City, school district looking at adding 2nd school resource officer

Published 6:31 am Tuesday, January 24, 2023

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The city of Albert Lea and Albert Lea school district are considering the addition of a second school resource officer position that if approved would be funded by both entities.

Public Safety Director J.D. Carlson said the last time there were two school resource officers in the city was in 2012. At that time, then Albert Lea Police Chief Dwaine Winkels said the decision to eliminate the position was driven mostly by budget cuts, but also partly the officer’s workload.

Carlson said it had not yet been decided where the additional officer would be primarily based — whether there would be two officers stationed at the high school or if there would be one at the high school and one at the middle school. The officers also occasionally respond to calls at the elementary schools and Brookside Education Center.

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City Manager Ian Rigg said current School Resource Officer Adam Conn, who is primarily at the high school, is spending more and more time on paperwork as the cases he deals with are increasingly becoming more complex, especially when dealing with social media.

They don’t want to be at the point where the officer is purely reactive instead of proactive because of his workload, Rigg said. He also talked about the importance of building relationships with the youth in the community as well as calls at Southwest Middle School.

Carlson said there is a huge ripple effect he can’t quantify about having officers who are able to build relationships with the students, but ultimately, the position is about more than just having good positive relationships, he said.

The consideration comes as the department faces two upcoming retirements. Union negotiations will also happen later in the year.

Carlson said the department cannot afford to pull a patrol officer from the streets to go into the schools with the higher levels of calls officers are facing. He noted that to pull an officer off the road to work at the school, there would be a service lost elsewhere.

Without looking at the budget specifically, Rigg estimated the position would cost $55,000 for each entity.

1st Ward Councilor Rachel Christensen said she knows the community is concerned about the safety of the students, and she would support the recommendation.

Fourth Ward Councilor Sherri Rasmussen said she, too, thinks parents would be happy to know that more resources are allocated to their children.

She asked where money for the position would come from, given the city’s budget for 2023 had already been set.

Rigg said though the budget is tighter than years before, the city historically has had lower expenditures to revenues and would have excess funds from the previous year that could cover the costs. He also referenced savings the city is seeing by contracting for legal services.

Third Ward Councilor Jason Howland said he supported the position but was concerned about how the city would pay for it, noting the levy increase for residents that the council also recently approved.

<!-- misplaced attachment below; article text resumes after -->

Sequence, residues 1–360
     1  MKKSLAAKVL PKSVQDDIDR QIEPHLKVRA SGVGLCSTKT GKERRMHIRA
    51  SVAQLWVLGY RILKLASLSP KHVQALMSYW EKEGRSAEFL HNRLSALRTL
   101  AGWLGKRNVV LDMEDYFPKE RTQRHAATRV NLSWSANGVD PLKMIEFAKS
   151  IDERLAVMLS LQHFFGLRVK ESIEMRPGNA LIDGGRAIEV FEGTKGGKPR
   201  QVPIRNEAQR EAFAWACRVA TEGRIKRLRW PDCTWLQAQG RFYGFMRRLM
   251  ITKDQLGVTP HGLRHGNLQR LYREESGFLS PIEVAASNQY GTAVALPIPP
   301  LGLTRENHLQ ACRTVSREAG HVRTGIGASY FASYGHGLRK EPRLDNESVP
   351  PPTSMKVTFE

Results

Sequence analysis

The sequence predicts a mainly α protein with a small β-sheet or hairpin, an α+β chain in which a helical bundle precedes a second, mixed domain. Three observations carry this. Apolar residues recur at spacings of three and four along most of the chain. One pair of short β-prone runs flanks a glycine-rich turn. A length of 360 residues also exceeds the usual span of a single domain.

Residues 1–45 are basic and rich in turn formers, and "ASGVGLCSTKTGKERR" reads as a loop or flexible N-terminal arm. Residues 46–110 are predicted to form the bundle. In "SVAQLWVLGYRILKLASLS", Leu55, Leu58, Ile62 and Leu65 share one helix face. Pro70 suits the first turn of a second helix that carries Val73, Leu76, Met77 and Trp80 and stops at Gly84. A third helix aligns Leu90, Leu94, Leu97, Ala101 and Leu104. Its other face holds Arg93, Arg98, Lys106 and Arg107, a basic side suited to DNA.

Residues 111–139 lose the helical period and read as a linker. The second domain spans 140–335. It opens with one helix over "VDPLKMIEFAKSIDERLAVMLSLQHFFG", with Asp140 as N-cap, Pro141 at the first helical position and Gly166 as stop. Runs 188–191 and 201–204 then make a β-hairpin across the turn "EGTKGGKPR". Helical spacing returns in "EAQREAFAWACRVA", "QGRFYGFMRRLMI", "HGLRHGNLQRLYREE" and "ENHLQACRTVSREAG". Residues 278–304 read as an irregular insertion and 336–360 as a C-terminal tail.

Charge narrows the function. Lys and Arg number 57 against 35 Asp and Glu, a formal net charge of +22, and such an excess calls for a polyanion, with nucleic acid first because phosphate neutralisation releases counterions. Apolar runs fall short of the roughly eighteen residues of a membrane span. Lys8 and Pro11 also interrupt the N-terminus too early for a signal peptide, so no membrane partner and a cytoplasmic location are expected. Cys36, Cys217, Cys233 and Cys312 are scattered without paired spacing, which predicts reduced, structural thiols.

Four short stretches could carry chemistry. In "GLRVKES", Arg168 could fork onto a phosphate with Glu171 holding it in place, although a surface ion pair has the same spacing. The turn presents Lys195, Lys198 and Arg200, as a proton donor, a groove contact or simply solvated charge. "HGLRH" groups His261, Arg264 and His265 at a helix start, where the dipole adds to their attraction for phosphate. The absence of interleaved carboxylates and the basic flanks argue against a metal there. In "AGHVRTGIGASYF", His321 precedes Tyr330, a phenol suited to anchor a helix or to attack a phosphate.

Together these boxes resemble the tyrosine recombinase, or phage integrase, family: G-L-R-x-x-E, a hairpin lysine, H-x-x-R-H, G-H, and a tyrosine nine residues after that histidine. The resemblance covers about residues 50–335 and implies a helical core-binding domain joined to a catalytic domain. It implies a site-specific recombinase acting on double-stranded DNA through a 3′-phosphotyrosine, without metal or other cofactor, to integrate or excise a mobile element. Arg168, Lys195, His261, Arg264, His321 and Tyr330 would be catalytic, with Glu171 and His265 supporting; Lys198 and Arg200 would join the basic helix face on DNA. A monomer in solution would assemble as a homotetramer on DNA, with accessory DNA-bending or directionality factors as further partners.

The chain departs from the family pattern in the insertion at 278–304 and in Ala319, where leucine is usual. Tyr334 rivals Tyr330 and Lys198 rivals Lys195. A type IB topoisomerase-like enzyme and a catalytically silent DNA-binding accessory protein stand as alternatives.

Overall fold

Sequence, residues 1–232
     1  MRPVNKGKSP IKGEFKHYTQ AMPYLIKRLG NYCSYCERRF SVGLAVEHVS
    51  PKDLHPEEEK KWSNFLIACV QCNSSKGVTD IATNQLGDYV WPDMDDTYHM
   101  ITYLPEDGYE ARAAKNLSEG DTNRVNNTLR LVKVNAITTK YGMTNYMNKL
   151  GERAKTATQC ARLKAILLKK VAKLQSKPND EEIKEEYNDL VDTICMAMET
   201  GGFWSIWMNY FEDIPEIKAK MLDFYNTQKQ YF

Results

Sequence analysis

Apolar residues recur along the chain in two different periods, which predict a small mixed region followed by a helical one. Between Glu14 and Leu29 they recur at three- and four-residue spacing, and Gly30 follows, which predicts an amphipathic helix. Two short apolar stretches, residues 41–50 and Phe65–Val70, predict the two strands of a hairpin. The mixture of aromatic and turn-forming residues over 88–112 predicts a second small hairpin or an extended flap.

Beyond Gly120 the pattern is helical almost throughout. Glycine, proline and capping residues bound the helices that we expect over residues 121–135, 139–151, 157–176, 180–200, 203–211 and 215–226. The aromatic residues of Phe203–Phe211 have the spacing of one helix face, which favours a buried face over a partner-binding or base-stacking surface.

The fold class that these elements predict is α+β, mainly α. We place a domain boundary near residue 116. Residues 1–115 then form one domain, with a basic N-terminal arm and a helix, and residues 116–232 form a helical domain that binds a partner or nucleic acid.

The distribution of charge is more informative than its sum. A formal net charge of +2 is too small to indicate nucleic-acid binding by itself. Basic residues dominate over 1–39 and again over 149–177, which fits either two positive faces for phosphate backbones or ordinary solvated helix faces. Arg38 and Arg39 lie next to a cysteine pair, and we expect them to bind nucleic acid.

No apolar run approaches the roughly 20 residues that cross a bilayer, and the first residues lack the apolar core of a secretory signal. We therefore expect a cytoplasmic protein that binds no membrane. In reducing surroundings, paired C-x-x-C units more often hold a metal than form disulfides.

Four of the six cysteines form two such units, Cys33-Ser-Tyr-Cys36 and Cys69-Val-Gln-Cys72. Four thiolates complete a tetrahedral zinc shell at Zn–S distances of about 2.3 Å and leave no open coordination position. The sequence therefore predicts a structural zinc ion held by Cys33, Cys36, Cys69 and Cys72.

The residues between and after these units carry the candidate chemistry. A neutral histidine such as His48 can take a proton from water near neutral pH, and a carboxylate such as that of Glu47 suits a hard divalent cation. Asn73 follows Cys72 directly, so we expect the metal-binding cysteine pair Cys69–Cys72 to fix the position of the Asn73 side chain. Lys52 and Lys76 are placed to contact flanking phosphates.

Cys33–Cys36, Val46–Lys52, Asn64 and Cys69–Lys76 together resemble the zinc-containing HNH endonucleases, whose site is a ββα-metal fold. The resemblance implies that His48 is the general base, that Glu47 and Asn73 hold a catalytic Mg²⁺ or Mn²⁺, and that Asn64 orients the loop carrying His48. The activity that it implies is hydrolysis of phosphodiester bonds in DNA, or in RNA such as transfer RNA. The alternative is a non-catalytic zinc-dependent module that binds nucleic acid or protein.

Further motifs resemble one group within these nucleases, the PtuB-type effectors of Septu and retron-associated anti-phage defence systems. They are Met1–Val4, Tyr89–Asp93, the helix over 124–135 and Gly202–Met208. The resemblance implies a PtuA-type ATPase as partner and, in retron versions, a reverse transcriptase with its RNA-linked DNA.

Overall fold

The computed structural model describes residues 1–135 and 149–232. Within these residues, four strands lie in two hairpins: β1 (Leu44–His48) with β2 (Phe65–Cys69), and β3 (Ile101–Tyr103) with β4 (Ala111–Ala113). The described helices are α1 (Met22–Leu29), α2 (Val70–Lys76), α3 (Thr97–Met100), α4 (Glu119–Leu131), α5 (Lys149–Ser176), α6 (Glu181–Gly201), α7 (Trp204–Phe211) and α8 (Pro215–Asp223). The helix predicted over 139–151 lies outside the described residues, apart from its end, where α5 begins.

When asked by 3rd Ward Councilor Jason Howland if the school district would find the entire position, Superintendent Ron Wagner, who previously worked in Minneapolis, said there is a lot of research around the benefits of supporting youth and commended the work Conn is already able to accomplish.

Wagner said he did not think the district could cover the full cost, noting the finite amount of resources the district has and the balances the district must make, but he said he hoped to continue to partner with the city for it.

In other action during the council meeting, the council:

  • Approved sidewalk maintenance by city crews on East Main Street on the 1.2 miles of sidewalk that were reconstructed or built as part of the construction last summer.

The span covers Newton Avenue to Morningside Road.

City Engineer Steven Jahnke talked about how the road is plowed much more frequently than other roads because of its high priority and described the lack of boulevard space for the snow to be put after it is cleared.

The city had already cleared sidewalks on a portion of the span and estimated it would cost an additional half hour to add on the remainder.

  • Approved a resolution authorizing city staff to apply for federal funds for the fiscal year 2027 via the Minnesota Department of Transportation for the reconstruction of Valley Avenue from Sheridan Street to Hawthorne Street.

The project includes removal and replacement of the street pavement, curb and gutter, sidewalk, storm sewer, sanitary sewer and watermain.

  • Heard a presentation regarding the Freedom Rock that will be painted this summer outside of the Freeborn County courthouse. The Albert Lea Post 56 American Legion Riders are asking the city for a contribution to the project.
  •  Approved a Main Corridor Renewal Grant for $9,500 for 512 S. Broadway Ave. for a roof replacement. The full cost of the project was $19,000.
  • Approved a pay equity implementation report to the state Department of Management and budget. Pay equity looks at eliminating discrimination against women who are paid less than men for jobs requiring comparable levels of expertise.

The council discussed a short-term fix and then referenced developing a longer-term solution in the future.